This is a wonderful socialist handbill - A4 size - dating probably from the late 1890s. I like it above all because of the sense of continuity with the ultra-radicalism of the Regency period eighty years earlier.
One side of the handbill is given over to a long piece of political doggerel, 'The Social House that Jack Built'. it's by 'T.B.', which is likely to be Thomas Bolas. He was an idiosyncratic and obscure figure within the late nineteenth century socialist movement. In 1886, he published a short-lived paper, the Practical Socialist, and seems to have been associated with William Morris's Socialist League.
Thomas Bolas (1848-1932) was a professor at the Charing Cross medical school and has a footnote in photographic history as a pioneer of what became known as the 'detective camera'.
And the political rhyme? Well it is a riff on a nursery rhyme, 'The House that Jack Built', which concludes:
This is the horse and the hound and the horn
That belonged to the farmer sowing his corn
That kept the rooster that crowed in the morn
That woke the judge all shaven and shorn
That married the man all tattered and torn
That kissed the maiden all forlorn
That milked the cow with the crumpled horn
That tossed the dog that worried the cat
That killed the rat that ate the malt
That lay in the house that Jack built.
William Hone adapted the rhyme for the most successful of his Regency-era radical diatribes, The Political House that Jack Built - illustrated marvellously and mischievously by George Cruikshank.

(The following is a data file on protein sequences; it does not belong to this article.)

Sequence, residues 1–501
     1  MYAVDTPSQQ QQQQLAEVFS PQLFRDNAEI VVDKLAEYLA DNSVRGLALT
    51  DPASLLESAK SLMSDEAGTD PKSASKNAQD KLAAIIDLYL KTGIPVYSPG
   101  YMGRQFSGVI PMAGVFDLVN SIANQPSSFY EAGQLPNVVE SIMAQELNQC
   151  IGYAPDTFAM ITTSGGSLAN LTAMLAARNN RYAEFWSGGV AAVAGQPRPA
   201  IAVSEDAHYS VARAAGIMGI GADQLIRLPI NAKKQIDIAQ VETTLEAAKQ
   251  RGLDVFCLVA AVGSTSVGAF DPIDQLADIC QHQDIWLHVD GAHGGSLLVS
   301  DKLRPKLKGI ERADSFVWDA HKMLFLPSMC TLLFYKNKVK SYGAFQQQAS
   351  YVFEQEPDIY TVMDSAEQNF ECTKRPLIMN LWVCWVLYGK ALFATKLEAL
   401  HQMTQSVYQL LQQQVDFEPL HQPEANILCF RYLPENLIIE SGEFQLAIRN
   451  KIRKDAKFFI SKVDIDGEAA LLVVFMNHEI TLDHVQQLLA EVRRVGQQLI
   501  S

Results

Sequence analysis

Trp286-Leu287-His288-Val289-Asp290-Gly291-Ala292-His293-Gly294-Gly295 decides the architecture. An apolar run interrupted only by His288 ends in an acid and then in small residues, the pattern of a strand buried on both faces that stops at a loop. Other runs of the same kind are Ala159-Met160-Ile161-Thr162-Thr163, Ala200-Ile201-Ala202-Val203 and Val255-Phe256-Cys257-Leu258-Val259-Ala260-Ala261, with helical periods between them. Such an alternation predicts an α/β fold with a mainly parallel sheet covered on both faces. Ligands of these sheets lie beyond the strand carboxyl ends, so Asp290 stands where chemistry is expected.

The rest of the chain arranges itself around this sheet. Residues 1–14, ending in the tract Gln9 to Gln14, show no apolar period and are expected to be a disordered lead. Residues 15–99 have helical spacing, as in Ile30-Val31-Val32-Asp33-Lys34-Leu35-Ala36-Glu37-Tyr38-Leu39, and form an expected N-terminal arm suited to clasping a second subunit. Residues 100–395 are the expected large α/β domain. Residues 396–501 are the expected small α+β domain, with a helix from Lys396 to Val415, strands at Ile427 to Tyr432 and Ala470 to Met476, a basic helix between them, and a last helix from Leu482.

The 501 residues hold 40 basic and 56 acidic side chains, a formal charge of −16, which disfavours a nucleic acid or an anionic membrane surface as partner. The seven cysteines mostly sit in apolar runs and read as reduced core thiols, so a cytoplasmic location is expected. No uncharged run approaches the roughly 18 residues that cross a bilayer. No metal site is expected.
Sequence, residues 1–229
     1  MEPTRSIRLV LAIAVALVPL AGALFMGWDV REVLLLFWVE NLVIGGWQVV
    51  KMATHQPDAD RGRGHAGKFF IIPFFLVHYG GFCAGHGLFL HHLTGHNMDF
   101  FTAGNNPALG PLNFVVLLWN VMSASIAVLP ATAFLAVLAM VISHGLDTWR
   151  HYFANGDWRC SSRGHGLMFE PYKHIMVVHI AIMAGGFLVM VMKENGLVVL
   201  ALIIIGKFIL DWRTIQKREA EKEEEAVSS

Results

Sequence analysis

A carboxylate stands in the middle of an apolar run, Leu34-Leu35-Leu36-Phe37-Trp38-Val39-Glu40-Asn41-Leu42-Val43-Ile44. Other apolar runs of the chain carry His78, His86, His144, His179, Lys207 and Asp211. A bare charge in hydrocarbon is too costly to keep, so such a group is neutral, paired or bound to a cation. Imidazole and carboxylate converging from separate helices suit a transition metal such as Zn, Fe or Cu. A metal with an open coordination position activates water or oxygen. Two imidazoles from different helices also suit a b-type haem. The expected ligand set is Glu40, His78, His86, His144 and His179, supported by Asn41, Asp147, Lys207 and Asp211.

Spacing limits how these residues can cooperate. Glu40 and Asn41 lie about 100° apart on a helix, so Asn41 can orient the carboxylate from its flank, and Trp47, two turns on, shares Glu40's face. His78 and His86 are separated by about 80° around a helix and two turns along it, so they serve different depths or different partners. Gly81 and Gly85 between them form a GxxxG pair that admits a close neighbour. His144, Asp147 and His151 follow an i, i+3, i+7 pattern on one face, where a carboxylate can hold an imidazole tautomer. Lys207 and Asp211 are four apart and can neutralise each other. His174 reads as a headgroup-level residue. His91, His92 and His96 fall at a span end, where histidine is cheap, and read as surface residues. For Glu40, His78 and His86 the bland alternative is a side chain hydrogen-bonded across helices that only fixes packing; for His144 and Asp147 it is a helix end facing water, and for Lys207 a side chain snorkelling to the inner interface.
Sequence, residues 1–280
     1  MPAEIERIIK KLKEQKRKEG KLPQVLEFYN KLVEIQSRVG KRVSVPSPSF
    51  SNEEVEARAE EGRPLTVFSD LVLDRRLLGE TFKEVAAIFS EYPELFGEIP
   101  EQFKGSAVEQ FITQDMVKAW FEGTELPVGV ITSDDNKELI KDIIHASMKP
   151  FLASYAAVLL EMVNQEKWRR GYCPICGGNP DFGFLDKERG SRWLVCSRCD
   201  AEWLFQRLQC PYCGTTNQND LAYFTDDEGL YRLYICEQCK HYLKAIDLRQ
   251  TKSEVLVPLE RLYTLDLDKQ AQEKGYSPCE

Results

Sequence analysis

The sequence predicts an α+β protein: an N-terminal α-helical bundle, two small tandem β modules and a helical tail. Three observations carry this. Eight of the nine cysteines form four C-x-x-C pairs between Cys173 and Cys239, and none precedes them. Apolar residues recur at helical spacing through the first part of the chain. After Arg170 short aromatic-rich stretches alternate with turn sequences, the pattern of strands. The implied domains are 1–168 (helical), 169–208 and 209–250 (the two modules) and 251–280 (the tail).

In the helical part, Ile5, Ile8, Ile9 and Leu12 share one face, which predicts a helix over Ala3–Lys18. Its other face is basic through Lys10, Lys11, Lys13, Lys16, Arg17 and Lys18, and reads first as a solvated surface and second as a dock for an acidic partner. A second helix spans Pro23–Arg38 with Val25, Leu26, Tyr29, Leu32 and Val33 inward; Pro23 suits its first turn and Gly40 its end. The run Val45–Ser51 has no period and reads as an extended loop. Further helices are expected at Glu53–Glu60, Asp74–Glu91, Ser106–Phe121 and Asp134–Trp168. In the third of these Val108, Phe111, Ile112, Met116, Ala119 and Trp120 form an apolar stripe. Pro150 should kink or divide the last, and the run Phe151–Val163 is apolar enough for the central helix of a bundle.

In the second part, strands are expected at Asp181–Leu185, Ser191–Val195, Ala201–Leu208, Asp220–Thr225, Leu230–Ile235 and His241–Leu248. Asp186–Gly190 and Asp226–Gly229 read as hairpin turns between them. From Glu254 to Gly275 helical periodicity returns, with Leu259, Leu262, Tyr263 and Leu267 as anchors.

It was fuelled by the rage over the Peterloo massacre at a Reform meeting in Manchester in August 1819.
And that's Wellington on the front of the pamphlet - though Cruikshank's target was most woundingly 'the Dandy of 60', the Prince Regent who in 1820 became George the Fourth.
The huge success of Hone's squib (my copy is the 53rd edition) stimulated a legion of similar adaptations of the old nursery rhyme - of both radical and anti-radical hue:
How wonderful to see Hone's words still being used and adapted towards the close of the century. I wondered at first whether Bolas simply drew from the nursery rhyme - the illustrator Randolph Caldecott's best-selling version was published in 1878. But Bolas's reference to 'the worker, tattered and torn' shows he was well aware of Hone's adaptation.
The other side of the handbill, by the way, is an agglomeration of short quotes pertaining to socialism along with a brief piece (from where I am not sure) by George Bernard Shaw about the anarchist Mikhail Bakunin:
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